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Reflection During Embedded Community Engagement Workshop

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2018 SLI's Reflection During Embedded Community Engagement Workshop

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Reflection During Embedded Community Engagement Workshop

  1. 1. Reflection During Embedded Community Engagement Liz Aguilar, Bonner Scholar, DePauw Doug Harms, Faculty, DePauw Bonner SLI, June 2018
  2. 2. Workshop Outline ● Introductions ● Workshop Goals ● Embedded vs. Non-embedded Experiences ● Stages of Embedded Experience and Reflection Activities
  3. 3. Introductions - Liz Aguilar ● Pronouns: They/Them/Theirs ● DePauw University, Class of 2018 ○ Major: Biochemistry, Minors: Spanish and Computer Science ● Reflection Leader of Winter Term in Service to Nicaragua (2017) ● Fulbright Scholar Alternate (‘18): Research Grant to Sweden ● Served as previous Senior Intern and Class Chair of Bonner Program ● Will join incoming PhD class at University of Washington Seattle - Genome Sciences
  4. 4. Introductions - Doug Harms ● Pronouns: he/him/his ● Professor of Computer Science at DePauw University ● Led 8 Winter Term In Service (WTIS) Courses: ○ El Salvador ○ Nicaragua ○ Juárez, Mexico ○ San Diego ● Fulbright Scholar to Bulgaria in 2004-05 ● Works closely with Bonner Scholars at DePauw ● Member of CoCoDA Board
  5. 5. Workshop Goals ● Provide participants with suggestions on how to effectively prepare for an embedded experience ● Tools for reflection during travel and civic engagement abroad ● What leadership on embedded experiences looks like ● Deconstructing white privilege/savior complex while abroad during reflections/discussions ● Mock reflection exercises
  6. 6. Peer Introductions: What are Your Goals? ● Name & pronouns ● Where are you from? ● What do you hope to get out of this session?
  7. 7. Embedded vs Non- Embedded Experiences
  8. 8. Embedded vs. Non-Embedded Experiences ● An “Embedded Experience” involves community engagement in which the participant is immersed in the community that the participant is not a member of, essentially 24/7 for an extended period of time ● Examples could include short term service trips, semester long community engagement experiences, and multi-year experiences (e.g., Peace Corps)
  9. 9. Embedded vs. Non-Embedded Experiences ● Reflection is critical in both Embedded and Non-Embedded experiences ● PARE Model ○ Preparation ○ Action ○ Reflection ○ Evaluation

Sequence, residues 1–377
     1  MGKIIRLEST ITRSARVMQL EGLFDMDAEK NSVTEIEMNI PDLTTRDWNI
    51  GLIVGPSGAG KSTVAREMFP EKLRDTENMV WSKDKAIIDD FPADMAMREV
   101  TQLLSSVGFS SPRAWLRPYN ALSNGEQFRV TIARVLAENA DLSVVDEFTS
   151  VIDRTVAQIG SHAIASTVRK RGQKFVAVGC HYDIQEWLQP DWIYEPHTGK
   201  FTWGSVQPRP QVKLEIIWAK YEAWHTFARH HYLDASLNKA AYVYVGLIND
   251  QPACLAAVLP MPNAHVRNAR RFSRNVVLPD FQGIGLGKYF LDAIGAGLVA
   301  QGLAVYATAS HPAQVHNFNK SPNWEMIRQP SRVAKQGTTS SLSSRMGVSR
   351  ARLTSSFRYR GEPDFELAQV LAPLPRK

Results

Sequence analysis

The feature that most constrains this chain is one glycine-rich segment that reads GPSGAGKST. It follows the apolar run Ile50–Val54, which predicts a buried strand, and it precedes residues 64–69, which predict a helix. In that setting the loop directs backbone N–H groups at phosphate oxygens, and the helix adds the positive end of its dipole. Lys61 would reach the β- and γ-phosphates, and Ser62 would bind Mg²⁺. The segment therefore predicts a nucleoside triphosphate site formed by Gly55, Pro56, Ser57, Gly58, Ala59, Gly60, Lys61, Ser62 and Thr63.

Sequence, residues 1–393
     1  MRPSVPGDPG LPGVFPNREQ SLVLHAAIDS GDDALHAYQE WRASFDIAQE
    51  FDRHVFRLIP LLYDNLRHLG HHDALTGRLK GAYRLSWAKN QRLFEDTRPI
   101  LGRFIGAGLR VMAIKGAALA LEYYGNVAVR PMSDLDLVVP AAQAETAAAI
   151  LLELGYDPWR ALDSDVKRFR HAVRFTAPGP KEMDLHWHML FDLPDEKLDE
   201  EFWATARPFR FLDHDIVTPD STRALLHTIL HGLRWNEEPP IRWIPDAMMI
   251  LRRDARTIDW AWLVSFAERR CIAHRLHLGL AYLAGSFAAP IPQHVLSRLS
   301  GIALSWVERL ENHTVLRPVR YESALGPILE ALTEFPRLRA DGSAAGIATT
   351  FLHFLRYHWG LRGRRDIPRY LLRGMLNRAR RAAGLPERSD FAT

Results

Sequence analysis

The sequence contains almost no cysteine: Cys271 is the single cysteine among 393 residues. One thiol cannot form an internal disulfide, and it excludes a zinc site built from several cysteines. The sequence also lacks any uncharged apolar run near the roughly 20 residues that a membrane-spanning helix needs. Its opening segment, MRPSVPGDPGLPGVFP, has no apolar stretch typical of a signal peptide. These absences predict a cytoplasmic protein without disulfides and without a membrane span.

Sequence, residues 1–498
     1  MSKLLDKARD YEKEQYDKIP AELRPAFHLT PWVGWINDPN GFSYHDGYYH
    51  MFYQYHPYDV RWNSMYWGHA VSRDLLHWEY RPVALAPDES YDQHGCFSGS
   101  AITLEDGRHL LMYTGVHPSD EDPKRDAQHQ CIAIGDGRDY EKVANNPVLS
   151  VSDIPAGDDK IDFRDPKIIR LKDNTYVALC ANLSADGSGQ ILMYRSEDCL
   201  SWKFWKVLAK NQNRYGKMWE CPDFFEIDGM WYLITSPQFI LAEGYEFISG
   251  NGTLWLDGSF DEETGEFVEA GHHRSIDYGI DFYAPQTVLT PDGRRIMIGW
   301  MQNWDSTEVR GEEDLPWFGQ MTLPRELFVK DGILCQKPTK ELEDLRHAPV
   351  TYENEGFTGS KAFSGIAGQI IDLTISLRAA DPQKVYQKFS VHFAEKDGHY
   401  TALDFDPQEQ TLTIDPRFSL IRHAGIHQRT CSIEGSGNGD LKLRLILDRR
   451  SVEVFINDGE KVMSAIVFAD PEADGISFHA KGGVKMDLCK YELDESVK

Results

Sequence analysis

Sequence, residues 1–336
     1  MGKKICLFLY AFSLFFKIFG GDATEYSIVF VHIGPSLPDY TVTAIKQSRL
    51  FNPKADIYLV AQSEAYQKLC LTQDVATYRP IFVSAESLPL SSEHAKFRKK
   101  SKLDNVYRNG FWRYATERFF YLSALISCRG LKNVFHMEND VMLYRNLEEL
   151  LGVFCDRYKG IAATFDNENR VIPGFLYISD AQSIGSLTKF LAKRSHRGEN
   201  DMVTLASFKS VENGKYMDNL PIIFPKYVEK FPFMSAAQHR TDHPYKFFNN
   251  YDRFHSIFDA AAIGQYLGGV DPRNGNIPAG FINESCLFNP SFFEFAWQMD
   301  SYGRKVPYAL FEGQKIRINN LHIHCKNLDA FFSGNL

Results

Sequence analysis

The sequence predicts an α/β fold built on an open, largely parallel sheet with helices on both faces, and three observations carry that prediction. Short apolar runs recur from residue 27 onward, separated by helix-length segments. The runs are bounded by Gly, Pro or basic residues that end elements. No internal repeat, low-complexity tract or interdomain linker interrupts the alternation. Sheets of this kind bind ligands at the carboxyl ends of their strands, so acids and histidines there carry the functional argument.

10. 10. Embedded vs. Non-Embedded Experiences ● Reflection in embedded experiences offers some additional challenges not usually found in non-embedded experiences (at least not to the same degree) ○ Challenging to “step away” from the experience ○ Easy to fall into the “savior” complex ○ Culture issues ■ Language ■ Customs ■ Norms ■ Culture shock
  11. 11. Culture Shock ● Four stages of culture shock: ○ Honeymoon ○ Frustration ○ Adjustment ○ Acceptance ● Participants will often be at different stages at any point in time
  12. 12. What does it mean to Reflect?
  13. 13. Let’s Unpack What it means to Reflect “Critical reflection is the process of analyzing, reconsidering, and questioning one’s experiences within a broad context of issues and content knowledge” (Jacoby, Service-Learning Essentials, 2014). Typically for participants we see themes in discussions relevant to their experiences in: ● Academic connection ● Community voice/connection and feelings about service ● Collaboration ● Personal and critical reflection
  14. 14. The 4 C’s of Reflection Eyler, Giles, and Schmiede (1996)
  15. 15. What? So What? What’s Next? Many reflection exercises are designed to encourage movement through these three increasingly analytic phases of the reflective process toward more complex understandings of the issues involved in the service-learning experience.
  16. 16. A Pre-Departure Exercise: Privilege Lists
  17. 17. Directions 1. In groups of 2-3, write down what privileges are most important to your identity. (1-3 with 1 being of greatest privilege) 2. Let’s discuss/reflect!
  18. 18. LEt’s Examine Reflection in an Embedded Context
  19. 19. Pre-Departure: Anxiety, Anticipation, and Excitement What do I expect to get out of this experience? What are the goals and what am I anticipating the most? Any worries?
  20. 20. Arrival: Surreal, Naivety, More Anticipation What impact did arrival have on you? Are you beginning to consider adjustment challenges?
  21. 21. Acclimation: Homesickness, Culture Shock How did you define civic engagement back at home? Who is your greatest inspiration? Describe a time when you realized you were in a position of privilege.
  22. 22. Being Present: Acknowledgment, Curiosity Do you believe that a project of _________ time period is feasible to develop community engagement skills?
  23. 23. Analyzing Impact: Criticism, Humility Describe someone locally who has impacted your stay. When you tell this story to others, how do you plan to tell it? How does the story end?
  24. 24. Departure: Regression, TRanslation What sentiments do you feel leaving this embedded project and the community it serves? Did you feel as though you connected well with the community you served? Can you see that this type of work can be beneficial or damaging? To who?
  25. 25. Tools To Avoid Being White Savior Barbie

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